You are not in Gaza, this is al-Hoceima!” This title describes a video clip of tear gas in the streets of al-Hoceima, the epicenter of the ongoing protests by the Hirak movement in the mountainous Rif region of northern Morocco. [1] Hirak protesters risk their lives demonstrating against corruption and for civil rights and state investment in the peripheral Berber-speaking region. Protests have been ongoing since the October 28, 2016, death of local fish seller Mohcine Fikri, who was crushed in a garbage compactor while trying to retrieve 500 kilograms of illegally-caught swordfish police had confiscated. Solidarity demonstrations spread across Morocco and the Moroccan diaspora in Europe. As tensions between the movement and the Moroccan state (al-makhzen) have intensified, protestors have drawn on the Palestinian question to suggest a reading of state violence, tracing parallels with the Israeli war machine’s actions in the occupied Gaza Strip.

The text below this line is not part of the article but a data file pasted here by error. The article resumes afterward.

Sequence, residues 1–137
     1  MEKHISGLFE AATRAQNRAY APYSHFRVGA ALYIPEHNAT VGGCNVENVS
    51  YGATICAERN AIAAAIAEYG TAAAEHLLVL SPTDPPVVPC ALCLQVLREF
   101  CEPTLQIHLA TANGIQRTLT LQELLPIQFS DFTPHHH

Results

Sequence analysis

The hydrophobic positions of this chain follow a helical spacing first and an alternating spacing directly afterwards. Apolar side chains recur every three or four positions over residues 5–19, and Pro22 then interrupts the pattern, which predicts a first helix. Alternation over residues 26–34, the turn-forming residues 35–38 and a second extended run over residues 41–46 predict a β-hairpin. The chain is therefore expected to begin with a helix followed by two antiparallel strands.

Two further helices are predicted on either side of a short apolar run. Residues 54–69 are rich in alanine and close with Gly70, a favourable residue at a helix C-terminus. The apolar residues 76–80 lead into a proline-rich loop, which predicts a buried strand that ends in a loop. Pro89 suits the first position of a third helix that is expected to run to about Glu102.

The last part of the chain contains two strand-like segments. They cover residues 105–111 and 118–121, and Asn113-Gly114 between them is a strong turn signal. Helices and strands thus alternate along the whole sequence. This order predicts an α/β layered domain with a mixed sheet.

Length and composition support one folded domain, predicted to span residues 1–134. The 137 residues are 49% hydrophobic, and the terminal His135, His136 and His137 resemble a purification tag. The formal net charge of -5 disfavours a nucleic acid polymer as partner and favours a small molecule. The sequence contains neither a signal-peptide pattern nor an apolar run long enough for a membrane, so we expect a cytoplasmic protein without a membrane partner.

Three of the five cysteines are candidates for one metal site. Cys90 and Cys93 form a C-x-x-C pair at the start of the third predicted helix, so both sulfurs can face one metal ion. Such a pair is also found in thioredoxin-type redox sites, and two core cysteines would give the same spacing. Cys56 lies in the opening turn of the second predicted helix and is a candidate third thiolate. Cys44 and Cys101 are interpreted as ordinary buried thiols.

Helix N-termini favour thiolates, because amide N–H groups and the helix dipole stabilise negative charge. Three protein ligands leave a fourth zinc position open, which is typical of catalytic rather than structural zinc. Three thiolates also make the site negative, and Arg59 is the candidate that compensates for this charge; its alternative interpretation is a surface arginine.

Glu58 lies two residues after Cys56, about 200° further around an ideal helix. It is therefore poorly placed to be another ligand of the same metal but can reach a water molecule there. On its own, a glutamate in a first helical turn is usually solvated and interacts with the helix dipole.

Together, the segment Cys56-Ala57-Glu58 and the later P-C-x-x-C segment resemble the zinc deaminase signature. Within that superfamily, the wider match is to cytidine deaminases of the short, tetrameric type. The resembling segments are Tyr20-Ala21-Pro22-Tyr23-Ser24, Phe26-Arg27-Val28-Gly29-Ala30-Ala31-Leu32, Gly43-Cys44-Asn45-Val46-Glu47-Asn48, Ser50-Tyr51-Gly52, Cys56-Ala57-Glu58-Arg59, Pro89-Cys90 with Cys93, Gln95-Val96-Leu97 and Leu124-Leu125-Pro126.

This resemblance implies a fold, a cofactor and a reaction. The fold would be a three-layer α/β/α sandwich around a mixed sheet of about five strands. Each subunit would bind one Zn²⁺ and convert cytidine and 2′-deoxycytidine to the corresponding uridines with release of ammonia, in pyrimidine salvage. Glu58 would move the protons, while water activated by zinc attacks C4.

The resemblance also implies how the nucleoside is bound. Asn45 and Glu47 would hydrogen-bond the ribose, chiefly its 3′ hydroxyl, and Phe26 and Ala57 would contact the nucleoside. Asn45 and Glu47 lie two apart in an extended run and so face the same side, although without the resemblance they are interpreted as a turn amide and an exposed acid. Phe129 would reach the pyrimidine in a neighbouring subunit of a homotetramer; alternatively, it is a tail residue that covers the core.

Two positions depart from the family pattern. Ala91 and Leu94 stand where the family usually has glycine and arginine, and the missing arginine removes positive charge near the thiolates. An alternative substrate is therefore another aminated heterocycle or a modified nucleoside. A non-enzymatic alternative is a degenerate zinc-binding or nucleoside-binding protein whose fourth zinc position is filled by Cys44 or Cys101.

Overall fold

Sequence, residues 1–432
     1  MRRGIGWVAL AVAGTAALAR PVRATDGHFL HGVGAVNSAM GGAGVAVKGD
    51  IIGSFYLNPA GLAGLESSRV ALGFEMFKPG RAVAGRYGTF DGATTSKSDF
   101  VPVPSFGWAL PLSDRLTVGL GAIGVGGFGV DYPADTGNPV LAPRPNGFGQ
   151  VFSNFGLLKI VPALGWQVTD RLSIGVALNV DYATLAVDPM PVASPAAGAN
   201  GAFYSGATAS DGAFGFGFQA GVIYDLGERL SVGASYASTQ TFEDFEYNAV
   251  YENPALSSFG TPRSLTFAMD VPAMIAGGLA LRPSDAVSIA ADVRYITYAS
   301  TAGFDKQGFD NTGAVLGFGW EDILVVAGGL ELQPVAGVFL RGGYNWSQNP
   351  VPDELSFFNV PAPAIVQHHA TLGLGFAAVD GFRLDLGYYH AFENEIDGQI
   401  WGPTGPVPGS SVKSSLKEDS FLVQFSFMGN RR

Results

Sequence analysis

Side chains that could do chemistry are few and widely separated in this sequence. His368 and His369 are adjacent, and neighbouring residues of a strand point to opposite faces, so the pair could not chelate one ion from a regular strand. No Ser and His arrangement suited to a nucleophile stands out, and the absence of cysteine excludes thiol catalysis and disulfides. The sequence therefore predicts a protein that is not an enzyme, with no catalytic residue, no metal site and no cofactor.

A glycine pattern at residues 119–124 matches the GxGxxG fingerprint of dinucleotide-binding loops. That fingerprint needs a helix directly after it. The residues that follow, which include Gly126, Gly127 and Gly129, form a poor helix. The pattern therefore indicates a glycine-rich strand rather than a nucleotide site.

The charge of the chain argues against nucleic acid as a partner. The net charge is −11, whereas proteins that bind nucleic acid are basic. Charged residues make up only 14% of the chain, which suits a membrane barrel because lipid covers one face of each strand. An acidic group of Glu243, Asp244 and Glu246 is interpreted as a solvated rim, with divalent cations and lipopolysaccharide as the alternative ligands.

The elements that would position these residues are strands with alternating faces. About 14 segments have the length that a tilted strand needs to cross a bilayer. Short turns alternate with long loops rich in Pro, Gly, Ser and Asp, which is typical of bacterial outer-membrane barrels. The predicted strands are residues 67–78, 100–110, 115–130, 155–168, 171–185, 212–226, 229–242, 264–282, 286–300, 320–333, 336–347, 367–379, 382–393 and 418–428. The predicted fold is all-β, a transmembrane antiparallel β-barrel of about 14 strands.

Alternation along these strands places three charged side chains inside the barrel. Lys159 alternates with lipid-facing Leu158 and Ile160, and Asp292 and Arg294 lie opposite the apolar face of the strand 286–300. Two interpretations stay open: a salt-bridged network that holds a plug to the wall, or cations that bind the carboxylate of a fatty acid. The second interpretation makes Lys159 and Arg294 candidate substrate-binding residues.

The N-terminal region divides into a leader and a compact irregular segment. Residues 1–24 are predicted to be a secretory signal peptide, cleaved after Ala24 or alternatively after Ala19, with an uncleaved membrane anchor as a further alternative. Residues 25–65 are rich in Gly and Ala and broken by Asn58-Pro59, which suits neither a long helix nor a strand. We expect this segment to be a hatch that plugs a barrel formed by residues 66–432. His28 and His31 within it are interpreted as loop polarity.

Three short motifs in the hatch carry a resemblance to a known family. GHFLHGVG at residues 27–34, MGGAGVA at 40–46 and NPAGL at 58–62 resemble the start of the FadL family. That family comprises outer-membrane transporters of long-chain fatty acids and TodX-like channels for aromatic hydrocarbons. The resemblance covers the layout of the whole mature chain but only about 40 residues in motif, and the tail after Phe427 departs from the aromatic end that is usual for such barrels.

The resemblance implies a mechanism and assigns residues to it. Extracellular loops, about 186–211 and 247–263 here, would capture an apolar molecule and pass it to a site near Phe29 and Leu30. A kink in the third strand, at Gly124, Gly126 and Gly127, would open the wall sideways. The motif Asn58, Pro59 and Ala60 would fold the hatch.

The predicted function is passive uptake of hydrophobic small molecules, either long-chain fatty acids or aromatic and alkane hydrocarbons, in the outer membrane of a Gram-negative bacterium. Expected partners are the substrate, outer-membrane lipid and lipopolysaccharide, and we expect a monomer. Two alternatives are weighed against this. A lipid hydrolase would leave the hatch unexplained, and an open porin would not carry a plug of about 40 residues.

Refugees or Migrants?

Much of the media attention on global displacement currently focuses on the Syrian refugee crisis and refugees’ attempts to enter Europe through Eastern Mediterranean routes. Certainly, the large scale of displacement that has occurred as a result of the war in Syria...